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Woodrow Wilson

Woodrow Wilson is a Caltech PhD with more than thirty years experience in research and research management for the military and intelligence communities. He supported Army and Air Force Medical Command’s programs developing medical protection for the soldier. He supported Army projects handling an...

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10/28/2014 04:00pm
The Icy Moons of Jupiter and Saturn

The sky is teeming with life. There are an estimated nine billion earth-like planets orbiting sun-like stars in the Milky Way alone. Include the earth-like planets of red dwarfs, and the number gets even larger. Earth-like planets are where something we’d recognize as life might arise, so those are where we focus our search for extraterrestrial life. That’s chauvinistic.
Life is more robust than we give it credit for, and probably more varied than we understand. Where there is liquid, a life form could develop. Liquid water supports life. Life may also have evolved in Titan’s liquefied natural gas lakes. We don’t understand life well enough to recognize it if we found it there, but that doesn’t mean it isn’t alive.

Extraterrestrial life may be a lot closer than the planets of a nearby star. There’s liquid water beyond the Goldilocks zone. There’s plenty of liquid water on the icy moons of gas giant planets. Voyager first noted cryovolcanos spewing molten ice from Enceladus. Since that discovery, Cassini measurements have added details about those moons.

Jupiter’s ice moon Europa is a prime candidate for life. Cassini data indicate that Europa has a large ocean buried under ten miles of ice. It is estimated to have more salt water than earth does.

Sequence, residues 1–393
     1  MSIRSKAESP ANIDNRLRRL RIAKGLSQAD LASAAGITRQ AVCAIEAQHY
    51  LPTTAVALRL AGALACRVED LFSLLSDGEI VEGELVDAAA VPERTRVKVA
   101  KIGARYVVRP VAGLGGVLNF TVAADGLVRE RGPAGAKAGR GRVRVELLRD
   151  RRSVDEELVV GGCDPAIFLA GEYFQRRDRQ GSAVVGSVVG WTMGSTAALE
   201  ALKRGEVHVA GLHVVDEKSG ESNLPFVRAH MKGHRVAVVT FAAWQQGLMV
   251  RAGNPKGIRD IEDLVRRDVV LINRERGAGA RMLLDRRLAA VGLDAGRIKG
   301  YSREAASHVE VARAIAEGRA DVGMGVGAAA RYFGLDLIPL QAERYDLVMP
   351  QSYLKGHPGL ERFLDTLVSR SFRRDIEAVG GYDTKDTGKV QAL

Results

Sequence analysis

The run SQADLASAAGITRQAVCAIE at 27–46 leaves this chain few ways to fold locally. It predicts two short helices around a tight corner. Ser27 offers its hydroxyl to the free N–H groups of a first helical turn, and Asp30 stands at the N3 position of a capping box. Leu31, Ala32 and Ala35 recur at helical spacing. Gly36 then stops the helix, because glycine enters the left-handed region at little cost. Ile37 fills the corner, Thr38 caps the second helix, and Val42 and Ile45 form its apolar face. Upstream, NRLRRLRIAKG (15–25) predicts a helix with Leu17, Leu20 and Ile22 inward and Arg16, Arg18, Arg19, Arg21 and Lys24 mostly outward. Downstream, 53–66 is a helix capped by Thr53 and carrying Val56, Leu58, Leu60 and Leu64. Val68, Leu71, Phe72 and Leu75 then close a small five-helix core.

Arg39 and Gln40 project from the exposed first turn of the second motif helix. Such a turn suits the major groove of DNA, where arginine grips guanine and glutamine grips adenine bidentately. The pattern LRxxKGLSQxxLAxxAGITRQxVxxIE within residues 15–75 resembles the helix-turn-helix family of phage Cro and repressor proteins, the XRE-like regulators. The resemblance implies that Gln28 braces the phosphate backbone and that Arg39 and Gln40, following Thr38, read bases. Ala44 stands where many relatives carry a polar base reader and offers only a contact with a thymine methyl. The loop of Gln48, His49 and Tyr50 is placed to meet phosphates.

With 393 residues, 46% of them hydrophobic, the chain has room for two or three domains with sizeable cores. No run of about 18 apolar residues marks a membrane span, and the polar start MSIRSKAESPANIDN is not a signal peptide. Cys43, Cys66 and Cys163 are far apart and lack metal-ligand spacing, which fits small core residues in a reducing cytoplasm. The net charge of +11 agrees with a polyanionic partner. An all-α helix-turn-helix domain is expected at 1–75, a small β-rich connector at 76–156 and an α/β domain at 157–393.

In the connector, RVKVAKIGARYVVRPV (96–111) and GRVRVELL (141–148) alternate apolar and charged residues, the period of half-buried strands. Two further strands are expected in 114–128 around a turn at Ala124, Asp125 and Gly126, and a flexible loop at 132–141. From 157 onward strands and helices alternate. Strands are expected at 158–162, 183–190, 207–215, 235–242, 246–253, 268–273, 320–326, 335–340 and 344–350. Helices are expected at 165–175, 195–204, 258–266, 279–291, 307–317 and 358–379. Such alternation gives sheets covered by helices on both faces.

Saturn’s ice moon Enceladus is also a leading candidate. It has a fresh water Great Lake buried thirty miles deep under its south pole.

These moons and a few others have abundant liquid water. What’s it like under all that ice? It’s dark. No sunlight can penetrate all that ice. It’s cold—colder than freezing water here on earth. Water expands when it freezes. It has to push against miles of ice to turn solid. Dissolved materials depress the freezing point even more. Their nearby giant host planets create ferocious tides that churn the water and keep it from freezing.

How could life exist in such a harsh environment? Low temperature and high pressure both increase its solubility of oxygen. There should be plenty of it, but what about food? It’s dark: photosynthesis is out. Geological energy sources are possible—just as they do in Earth’s deep ocean volcano vents.

There is ice-locked water closer than Jupiter and Saturn. The lakes of Antarctica resemble those of Europa and Enceladus. They are cold and dark under miles of ice. They have been cut off from sunlight and air for half a million years or longer. They have long been assumed sterils.

The Antarctic lakes are a lot easier to get to, but their exploration is only beginning. Two lakes have been probed. Three thousand five hundred unique species have been identified in the first water and sediment samples. The presence or absence of more complex species is unsettled at this time.

If life can flourish under the Antarctic ice cap, why not under Europa’s or Enceladus’?


space, science, astronomy, exobiology, Antarctica, Europa, Enceladus, life, water, ice, planets, earth, liquid, europa, miles, lakes, enceladus, freezing, moons
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